contentsDaviess County IN Chamberads

Business and Industry

Business and Industry

Business and industry in Daviess County is diversified. The local area is known for its entrepreneurial spirit. Many successful and creative businesses dot the landscape here and are the result of hard work, good ideas and the willingness to take risks. County and city governments, along with public and private schools, have been able to work together for the betterment of the entire community.

WestGate @ Crane Technology Park, a three-county effort between not only Daviess, but also Greene and Martin counties, now employs almost 900. It qualifies as a state Certified Technology Park by the Indiana Economic Development Corporation, and represents a natural marketplace for defense contractors currently providing technical support, and research and development services to the Naval Surface Warfare Center, Crane Division in southern Indiana.

Operations at WestGate include the $2 billion URS corporation, and SAIC, the nation’s seventh-largest defense contractor. Also at WestGate are ITT, Concurrent Technologies Corporation, Tri-Star Engineering, Crane Learning and Education Center, Stimulus Engineering, NAVMAR, CACL Crane Federal Credit Union, RayDar and Associates, Technical Services Corporation and Navonics.

Ind. Gov. Mitch Daniels helped break ground in July 2011 for a new $8.8 million WestGate Academy, which is a 64,000-square-foot, two-story conference and academic institutional space which will serve as a business incubator and training facility for start-up and early-stage companies expanding their technology capacity. The new interstate passes within a few miles of WestGate, with a Crane interchange.

Daviess County also actively solicits and engages with Foreign Direct Investment. Olon Industries, a Canadian-based wood product manufacturer, now operates its U.S. headquarters and chief manufacturing operations on Washington’s east side. Olon constantly updates its product to stay ahead of its competition.

Perdue’s Washington-based turkey processing facility, located at 65 S 200W, continues to be the county’s largest employer with more than 800 employees. Perdue’s other Indiana locations are a feed mill North of Washington, a breeder facility in Thornton and a hatchery in Vincennes. Perdue is a $4.6 billion food and agricultural company. It has 20,000 associates nationwide which produce more than 2.6 billion pounds of chicken and 260 million pounds of turkey each year, or 25 million meals per day. It also handles 189 million bushels of grain.

Grain Processing Corporation, which employs about 145, makes an impact on the community well beyond its on-site employment. GPC buys about 30 million bushels of corn for its Washington plant annually. To put that in perspective, only about 15 million bushels are typically grown in Daviess County, so its market reach goes out about 75 miles. And, GPC’s arrival in Daviess County in 1999 led to several spin-off businesses.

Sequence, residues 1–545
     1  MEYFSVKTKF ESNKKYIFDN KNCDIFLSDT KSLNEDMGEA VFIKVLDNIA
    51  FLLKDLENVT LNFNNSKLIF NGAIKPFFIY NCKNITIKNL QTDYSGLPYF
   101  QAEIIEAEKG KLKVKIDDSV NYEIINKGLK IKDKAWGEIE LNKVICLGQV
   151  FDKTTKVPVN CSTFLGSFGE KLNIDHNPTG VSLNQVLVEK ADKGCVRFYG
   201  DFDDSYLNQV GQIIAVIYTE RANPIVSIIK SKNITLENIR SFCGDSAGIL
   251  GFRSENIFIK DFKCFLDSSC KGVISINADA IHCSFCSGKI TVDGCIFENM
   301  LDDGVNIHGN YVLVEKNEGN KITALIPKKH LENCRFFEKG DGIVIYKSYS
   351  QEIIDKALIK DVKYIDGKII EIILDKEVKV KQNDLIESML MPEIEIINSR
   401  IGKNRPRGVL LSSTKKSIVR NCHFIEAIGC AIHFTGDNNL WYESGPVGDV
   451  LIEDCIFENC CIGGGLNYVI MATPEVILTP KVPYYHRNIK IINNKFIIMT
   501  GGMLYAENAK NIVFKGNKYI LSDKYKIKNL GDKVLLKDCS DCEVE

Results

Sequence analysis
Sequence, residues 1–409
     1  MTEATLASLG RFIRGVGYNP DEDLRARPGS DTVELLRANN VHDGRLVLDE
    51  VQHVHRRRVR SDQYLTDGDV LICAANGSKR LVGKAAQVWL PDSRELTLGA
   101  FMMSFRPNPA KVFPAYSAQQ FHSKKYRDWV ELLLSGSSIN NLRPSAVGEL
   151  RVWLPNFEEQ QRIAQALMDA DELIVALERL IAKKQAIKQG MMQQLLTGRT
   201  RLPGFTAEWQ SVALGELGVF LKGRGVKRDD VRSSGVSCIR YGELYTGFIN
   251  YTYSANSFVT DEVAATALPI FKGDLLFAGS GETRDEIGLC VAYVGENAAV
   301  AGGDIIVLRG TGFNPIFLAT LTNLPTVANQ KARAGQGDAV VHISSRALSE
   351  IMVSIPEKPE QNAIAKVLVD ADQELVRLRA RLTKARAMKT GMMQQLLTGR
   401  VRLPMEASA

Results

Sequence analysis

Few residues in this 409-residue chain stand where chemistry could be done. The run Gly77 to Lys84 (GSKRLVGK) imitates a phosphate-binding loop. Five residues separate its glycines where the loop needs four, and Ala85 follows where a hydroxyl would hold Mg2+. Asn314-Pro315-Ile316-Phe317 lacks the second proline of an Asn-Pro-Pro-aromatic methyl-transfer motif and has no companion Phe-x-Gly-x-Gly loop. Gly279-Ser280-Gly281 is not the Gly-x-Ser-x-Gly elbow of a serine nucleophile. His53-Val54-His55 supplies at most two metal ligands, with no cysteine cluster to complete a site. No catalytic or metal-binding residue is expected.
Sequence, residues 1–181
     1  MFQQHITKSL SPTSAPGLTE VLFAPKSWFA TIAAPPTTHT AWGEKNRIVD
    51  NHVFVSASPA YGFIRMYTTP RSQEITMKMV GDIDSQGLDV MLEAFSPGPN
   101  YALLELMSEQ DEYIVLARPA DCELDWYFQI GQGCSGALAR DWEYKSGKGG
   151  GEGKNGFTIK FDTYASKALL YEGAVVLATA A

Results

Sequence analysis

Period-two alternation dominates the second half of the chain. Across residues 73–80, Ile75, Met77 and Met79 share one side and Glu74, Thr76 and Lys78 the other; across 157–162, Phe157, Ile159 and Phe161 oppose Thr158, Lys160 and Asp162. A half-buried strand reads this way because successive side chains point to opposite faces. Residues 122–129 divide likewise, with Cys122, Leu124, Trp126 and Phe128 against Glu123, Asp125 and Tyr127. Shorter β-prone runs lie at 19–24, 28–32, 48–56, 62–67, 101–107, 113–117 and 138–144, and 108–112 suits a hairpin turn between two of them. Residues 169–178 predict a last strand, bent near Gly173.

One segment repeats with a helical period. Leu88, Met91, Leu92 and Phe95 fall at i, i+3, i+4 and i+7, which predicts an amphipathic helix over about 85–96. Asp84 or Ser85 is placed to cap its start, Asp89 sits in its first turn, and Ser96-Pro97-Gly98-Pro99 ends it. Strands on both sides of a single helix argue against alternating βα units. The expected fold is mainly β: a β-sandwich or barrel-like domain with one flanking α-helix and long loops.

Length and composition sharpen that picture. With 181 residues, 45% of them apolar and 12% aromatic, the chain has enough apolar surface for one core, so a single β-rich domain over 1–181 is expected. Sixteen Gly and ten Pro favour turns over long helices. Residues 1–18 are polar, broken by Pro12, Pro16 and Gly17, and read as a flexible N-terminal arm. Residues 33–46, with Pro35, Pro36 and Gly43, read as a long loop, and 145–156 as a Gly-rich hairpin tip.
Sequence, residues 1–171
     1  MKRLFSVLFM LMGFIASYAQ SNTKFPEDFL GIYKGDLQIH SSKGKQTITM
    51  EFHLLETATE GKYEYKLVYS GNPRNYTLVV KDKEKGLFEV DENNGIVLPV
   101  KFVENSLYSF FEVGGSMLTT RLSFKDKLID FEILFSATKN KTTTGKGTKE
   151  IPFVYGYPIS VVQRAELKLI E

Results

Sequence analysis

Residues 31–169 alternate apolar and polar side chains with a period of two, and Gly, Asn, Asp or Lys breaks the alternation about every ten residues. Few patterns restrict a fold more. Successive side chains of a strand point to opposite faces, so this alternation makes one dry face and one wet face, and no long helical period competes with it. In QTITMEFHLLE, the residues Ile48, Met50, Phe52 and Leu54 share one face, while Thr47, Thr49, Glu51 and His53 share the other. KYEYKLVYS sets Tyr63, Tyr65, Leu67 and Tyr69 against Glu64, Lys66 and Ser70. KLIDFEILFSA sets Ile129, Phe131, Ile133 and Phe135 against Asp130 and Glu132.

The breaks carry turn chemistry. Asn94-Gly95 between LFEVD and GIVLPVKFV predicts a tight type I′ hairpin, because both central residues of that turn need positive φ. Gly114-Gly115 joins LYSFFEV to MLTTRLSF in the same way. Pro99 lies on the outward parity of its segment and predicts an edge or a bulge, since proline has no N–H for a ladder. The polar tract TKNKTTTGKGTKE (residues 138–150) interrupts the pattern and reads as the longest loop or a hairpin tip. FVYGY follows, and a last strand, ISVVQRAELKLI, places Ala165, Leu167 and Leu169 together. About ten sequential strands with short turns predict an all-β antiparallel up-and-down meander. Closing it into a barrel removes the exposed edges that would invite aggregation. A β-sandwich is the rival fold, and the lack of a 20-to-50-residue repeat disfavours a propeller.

Horizon Converting and Alliance Barrier located on Industrial Drive on Washington’s eastside, is a flexible packaging converter, manufacturing high-quality, solvent-free laminated roll stock for the food and nutraceutical industry. Since its beginning in 2007, Horizon has been audited by the American Institute of Baking and achieved AIB’s highest achievement recognition — Superior. Alliance is now open.

Three-generation Jones Engineering does development work for NASCAR, while both Boyd Grain and Boyd and Sons continue to diversify as farmers who have branched out into construction, trucking and warehousing.

Other small to mid-size manufacturers contribute to the diversity of Daviess County including three truss builders in Graber Post, Daviess County Metal Sales and K and K Industries. More than 100 Amish-Mennonite work crews build in the community, or leave Daviess County each workday, bringing back income for both local businesses and families.

Also, a new Amish produce auction barn brings new dollars and provides additional income for local families. Graber Steel Fabrication, in that same area, fabricates steel structures and makes equipment that is shipped throughout the U.S.

More than 100 businesses, both small and large, including cabinet makers, vinyl-window makers, and bakeries, rely on the Odon-Cannelburg Road. The busy road is being upgraded by transportation officials which will include buggy lanes.

The Odon area has seen growth on several fronts, including a new assisted care living facility, expansions to the meat locker, a new convenience store and a new furniture store.

Also, Applied Logistics Services, Inc., headquartered in Odon, provides professional, analytical, engineering and administrative services. ALS made significant improvements to the old lumberyard building in Odon and is in the process of renovating the former box and pallet building.

MAVEN has renovated the former Star Glove building in Odon and provides renovation, new construction, design/build and abatement services for the Department of Defense and U.S. Government, with industrial clients throughout the Midwest and Southeast U.S.

Berry Plastics, a leading manufacturer and marketer of plastic packaging headquartered in Evansville, IN, has a plant in Odon, which earlier had expanded to 29,000 square feet. In March 2011, plans were announced to add a new $5 million production line which will allow them to mix nine different kind of film ingredients.

Long-time Odon family-owned business, Stoll Bros. Lumber, has also experienced growth through the construction at WestGate Crane Tech Park and in Odon.

Also in the North Daviess area, Corn Pro designs and manufactures metal trailers used in construction, agriculture and has added a new dump trailer to its product line. And, Tri-Star Glove in Plainville, established in 2001, supplies gloves to the auto industry and employs almost 50.

previous topic
next topic
Town Square Publications